However, the ethics of utilizing and altering existing content as well as the veracity of newly created content are key concerns slowing Gen AI adoption. The same report found the top concerns about Gen AI were lack of controls to ensure ethical/responsible information generation, a lack of ability to verify/explain generated output, and potential abuse/distortion of government-generated content in the public domain. But even with those concerns, the report found that seventy-one percent of respondents believe that the potential advantages of employing Gen AI in their agency’s operations outweigh the perceived risks.

In 2024, expect more conversations and hearings leading to guidance and regulations on when and how to use Gen AI for agency work and citizen service. 

Regulating Regulations

The AI Bill of Rights was one of the first guiding principles for the ethical use of AI. The framework provides general rules about how AI should be employed and how it should be allowed or restricted from working with humans. People deserve the right to know when AI is involved in making a decision about the services they are being offered (be that a loan or healthcare treatment). Extended to Gen AI, consumers should be informed when they are viewing or using a product developed by AI. 

This idea of taking a familiar set of laws (Bill of Rights) and applying them to AI is becoming the preferred regulatory method. AI experts believe there are many existing regulations, specifically those around cybersecurity and data privacy that can be applied to AI use cases, shortening the time it takes to build a regulatory body around AI use.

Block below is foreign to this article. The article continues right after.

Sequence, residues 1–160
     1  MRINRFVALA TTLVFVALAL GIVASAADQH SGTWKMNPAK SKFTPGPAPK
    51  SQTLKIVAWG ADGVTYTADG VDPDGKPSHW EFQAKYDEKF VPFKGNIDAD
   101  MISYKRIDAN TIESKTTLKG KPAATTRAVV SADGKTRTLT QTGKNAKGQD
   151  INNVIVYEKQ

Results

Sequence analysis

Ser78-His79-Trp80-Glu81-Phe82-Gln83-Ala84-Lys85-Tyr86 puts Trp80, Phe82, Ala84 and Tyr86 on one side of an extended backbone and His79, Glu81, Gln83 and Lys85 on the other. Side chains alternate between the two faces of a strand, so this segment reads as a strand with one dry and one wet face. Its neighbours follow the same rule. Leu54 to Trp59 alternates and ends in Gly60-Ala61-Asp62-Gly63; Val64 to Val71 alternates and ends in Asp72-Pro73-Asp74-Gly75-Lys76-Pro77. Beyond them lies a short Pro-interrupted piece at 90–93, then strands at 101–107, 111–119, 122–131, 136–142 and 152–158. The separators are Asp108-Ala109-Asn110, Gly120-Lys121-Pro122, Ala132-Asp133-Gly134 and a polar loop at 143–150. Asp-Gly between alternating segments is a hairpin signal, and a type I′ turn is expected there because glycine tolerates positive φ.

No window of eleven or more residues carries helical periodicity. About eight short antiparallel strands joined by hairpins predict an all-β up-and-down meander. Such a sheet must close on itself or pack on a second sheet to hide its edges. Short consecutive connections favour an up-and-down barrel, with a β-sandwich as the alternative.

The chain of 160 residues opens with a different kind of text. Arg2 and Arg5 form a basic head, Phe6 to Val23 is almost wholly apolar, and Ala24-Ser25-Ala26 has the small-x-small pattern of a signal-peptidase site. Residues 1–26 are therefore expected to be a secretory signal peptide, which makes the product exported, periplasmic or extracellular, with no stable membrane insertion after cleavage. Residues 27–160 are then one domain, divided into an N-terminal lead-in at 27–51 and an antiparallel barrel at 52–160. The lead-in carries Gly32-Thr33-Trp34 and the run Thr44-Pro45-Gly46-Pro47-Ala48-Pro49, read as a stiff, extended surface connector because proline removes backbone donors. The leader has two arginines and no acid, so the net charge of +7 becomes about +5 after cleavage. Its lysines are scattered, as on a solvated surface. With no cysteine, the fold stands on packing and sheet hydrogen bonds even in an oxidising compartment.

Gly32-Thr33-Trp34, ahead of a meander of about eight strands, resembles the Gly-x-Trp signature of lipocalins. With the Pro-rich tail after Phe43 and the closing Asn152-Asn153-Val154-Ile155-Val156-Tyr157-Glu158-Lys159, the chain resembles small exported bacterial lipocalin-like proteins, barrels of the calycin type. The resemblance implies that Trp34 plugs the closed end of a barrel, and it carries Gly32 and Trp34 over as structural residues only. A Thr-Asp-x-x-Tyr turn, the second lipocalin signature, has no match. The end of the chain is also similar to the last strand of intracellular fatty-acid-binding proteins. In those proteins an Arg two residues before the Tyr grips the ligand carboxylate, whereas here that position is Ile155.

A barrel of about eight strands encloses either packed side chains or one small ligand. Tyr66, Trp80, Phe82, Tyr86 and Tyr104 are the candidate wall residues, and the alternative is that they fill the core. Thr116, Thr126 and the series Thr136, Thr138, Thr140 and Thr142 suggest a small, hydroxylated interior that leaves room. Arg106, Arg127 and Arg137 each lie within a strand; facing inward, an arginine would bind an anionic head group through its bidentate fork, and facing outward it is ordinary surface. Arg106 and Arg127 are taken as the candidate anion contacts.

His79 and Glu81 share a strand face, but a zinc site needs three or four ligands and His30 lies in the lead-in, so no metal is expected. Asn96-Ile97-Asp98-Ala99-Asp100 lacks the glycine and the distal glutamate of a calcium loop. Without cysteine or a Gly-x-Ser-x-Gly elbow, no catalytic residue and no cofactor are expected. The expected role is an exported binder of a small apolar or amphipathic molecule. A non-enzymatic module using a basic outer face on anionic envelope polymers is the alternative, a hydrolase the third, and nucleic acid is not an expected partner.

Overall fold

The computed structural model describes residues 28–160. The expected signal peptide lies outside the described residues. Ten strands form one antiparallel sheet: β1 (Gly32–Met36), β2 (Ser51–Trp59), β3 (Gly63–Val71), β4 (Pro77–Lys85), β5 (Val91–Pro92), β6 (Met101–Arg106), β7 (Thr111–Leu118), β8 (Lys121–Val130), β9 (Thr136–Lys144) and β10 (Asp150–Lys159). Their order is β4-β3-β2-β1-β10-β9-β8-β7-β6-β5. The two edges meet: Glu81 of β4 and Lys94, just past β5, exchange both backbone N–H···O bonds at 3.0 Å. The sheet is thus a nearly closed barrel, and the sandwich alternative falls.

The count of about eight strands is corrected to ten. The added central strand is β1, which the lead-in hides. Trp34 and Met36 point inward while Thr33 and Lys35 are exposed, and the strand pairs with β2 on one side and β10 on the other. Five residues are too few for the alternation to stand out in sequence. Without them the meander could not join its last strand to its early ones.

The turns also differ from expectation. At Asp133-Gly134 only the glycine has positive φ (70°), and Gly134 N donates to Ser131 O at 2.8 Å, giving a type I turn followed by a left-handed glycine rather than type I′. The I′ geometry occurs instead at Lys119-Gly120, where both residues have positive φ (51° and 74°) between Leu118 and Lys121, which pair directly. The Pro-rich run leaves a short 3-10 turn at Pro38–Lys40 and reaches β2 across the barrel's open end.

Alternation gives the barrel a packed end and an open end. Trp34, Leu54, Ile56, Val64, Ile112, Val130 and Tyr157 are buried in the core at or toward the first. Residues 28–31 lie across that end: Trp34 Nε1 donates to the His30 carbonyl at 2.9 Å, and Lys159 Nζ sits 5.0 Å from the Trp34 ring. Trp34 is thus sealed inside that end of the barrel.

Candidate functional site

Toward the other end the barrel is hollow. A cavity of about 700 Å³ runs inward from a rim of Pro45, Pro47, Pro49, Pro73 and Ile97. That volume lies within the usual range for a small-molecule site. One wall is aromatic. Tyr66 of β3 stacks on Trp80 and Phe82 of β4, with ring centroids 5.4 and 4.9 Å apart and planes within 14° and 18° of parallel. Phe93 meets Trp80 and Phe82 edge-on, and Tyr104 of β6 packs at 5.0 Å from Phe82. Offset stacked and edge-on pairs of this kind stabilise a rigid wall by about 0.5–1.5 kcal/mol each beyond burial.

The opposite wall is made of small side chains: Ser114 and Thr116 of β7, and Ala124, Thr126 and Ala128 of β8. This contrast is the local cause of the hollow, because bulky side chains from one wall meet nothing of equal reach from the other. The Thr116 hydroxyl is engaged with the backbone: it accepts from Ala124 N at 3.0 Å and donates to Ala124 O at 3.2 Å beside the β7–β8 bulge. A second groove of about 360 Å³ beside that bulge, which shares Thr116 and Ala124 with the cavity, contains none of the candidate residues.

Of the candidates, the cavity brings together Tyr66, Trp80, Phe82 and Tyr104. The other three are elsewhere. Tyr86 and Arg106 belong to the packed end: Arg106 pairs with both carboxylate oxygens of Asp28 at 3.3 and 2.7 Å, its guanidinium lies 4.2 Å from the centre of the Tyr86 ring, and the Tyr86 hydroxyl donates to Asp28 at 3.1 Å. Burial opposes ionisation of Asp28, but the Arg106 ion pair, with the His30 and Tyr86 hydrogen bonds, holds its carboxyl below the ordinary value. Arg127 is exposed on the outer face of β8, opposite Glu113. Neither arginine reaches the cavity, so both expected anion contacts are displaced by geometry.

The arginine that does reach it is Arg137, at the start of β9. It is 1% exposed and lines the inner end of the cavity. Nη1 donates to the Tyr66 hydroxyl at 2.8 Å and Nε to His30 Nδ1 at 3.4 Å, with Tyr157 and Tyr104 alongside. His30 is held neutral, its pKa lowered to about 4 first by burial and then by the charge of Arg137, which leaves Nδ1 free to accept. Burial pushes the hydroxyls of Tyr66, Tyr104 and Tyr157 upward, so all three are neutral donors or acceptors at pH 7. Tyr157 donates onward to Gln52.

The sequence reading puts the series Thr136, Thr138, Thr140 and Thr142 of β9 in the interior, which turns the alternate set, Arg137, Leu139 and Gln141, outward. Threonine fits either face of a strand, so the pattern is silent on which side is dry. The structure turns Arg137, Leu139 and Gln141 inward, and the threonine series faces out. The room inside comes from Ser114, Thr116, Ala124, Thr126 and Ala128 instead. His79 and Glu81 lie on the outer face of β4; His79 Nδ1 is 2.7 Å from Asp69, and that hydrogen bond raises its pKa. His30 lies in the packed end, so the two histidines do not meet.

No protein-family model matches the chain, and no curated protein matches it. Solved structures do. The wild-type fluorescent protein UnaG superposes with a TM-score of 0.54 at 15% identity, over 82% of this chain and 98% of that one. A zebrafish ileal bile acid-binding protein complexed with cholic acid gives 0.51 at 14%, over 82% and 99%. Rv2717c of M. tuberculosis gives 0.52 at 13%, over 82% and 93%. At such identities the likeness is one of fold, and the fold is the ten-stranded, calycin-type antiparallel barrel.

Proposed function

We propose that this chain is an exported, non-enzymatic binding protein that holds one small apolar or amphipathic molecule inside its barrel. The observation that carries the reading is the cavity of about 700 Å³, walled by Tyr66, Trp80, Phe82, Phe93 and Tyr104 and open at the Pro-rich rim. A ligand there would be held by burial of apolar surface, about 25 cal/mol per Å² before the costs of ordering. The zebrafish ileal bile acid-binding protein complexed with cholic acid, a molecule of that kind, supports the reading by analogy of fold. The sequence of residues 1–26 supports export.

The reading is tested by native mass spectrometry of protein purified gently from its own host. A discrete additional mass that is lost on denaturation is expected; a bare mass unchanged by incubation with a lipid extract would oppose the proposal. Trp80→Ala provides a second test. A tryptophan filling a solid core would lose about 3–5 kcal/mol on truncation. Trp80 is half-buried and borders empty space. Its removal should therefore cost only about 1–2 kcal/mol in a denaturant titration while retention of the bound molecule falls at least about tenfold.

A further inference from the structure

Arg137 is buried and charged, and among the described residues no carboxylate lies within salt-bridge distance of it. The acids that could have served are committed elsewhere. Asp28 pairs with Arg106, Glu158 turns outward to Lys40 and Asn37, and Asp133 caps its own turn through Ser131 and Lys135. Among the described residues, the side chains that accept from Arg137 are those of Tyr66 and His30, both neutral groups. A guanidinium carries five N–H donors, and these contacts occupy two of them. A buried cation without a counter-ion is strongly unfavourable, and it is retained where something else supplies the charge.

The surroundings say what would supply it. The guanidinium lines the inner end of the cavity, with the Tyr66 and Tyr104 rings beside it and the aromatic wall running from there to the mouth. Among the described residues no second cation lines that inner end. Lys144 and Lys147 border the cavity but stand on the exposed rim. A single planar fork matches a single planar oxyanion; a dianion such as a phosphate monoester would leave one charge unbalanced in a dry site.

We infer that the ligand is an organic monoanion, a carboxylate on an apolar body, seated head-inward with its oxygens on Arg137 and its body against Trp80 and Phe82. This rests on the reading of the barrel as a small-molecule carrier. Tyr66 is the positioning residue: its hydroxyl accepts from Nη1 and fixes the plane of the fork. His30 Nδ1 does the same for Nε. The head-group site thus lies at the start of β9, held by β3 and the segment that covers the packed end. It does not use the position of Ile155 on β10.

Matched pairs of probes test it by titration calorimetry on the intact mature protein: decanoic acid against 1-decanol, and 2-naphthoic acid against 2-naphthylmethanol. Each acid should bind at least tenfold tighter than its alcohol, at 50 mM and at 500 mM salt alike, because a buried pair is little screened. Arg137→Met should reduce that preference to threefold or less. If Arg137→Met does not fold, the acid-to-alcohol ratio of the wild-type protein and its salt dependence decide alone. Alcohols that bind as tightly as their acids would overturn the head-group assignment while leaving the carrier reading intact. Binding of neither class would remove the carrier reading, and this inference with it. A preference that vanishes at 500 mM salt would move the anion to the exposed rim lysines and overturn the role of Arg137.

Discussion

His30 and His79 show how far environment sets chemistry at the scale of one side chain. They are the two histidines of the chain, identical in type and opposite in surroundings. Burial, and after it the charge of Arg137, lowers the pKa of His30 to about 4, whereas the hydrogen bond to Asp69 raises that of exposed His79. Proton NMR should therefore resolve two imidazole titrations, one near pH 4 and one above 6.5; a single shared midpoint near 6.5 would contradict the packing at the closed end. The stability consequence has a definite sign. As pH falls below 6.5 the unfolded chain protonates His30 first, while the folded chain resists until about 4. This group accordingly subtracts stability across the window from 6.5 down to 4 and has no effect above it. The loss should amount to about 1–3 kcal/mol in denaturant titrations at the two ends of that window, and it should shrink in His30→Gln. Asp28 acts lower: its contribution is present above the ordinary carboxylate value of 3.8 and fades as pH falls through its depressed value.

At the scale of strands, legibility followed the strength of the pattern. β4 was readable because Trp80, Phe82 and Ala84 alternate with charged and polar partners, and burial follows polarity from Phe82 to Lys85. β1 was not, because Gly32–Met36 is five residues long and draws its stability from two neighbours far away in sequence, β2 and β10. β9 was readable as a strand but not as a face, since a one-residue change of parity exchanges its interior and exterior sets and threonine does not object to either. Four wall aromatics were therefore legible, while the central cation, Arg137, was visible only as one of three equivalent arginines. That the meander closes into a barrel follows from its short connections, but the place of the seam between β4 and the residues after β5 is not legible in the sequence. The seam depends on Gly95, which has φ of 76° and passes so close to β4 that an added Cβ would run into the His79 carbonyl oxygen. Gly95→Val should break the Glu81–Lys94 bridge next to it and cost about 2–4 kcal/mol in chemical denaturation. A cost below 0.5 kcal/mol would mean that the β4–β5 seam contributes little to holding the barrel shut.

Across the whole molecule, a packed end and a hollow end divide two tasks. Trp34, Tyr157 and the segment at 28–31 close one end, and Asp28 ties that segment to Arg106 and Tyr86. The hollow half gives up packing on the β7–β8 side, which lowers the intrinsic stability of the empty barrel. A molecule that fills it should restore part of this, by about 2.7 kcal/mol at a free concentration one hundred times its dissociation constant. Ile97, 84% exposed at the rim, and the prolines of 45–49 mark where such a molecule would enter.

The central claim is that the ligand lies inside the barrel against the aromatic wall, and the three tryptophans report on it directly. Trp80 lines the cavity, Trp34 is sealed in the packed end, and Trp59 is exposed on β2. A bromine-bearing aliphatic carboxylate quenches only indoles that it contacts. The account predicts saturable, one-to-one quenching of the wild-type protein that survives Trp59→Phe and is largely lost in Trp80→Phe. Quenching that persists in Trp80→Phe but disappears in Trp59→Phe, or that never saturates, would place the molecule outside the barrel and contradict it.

Supporting the People Behind AI

While AI is a computer-driven process, there are important and distinct roles for humans across the AI lifecycle. From building the algorithms that inform AI, to reviewing AI outputs, to deciding use cases, humans and AI truly must operate as colleagues. 

The AI Executive Order specifies that AI needs a “boss” in every agency. This means appointing a Chief AI Officer (CAIO) as either a stand-alone position or as a part of another executive-level role. The primary role of the CAIO is “coordination, innovation, and risk management for their agency’s use of AI.” This role will be deeply interconnected with HR, IT, data, cybersecurity, civil rights, and customer experience leaders in their agency. 

Beyond this important leadership and oversight, agencies also need to beef up their AI-savvy staff across every department. Similar to pushes to close the cybersecurity workforce gap in government, agencies will need to provide attractive incentives to get AI talent to look at government jobs as opposed to frequently higher paying private sector positions. 

Ensuring AI for All

In the fall of 2023, the Department of Commerce announced the designation of 31 Tech Hubs in regions across the country. These hubs are designed to catalyze regional innovation and foster job creation by strengthening a region’s capabilities in technology manufacturing, commercialization, and deployment. The Federal Government strategically invests in these regions to establish essential infrastructure that fosters the development of business and research in diverse fields such as quantum computing, biotechnology, precision medicine, clean energy advancement, semiconductor manufacturing, and beyond. 

This program aims to decentralize tech knowledge and job opportunities, shifting them from concentrated urban areas to regions nationwide. The goal is to broaden access to jobs and diversify the talent pool engaged in developing advanced technology solutions. This round of Tech Hubs to watch in 2024 include programs in Puerto Rico, Montana, New Hampshire, Alabama, and Wisconsin.

Stay connected as we continue to monitor AI use and regulation, helping you better understand how the technology is impacting government service delivery. Join GovEvents and GovWhitePapers for up-to-date resources and events focused on government AI use.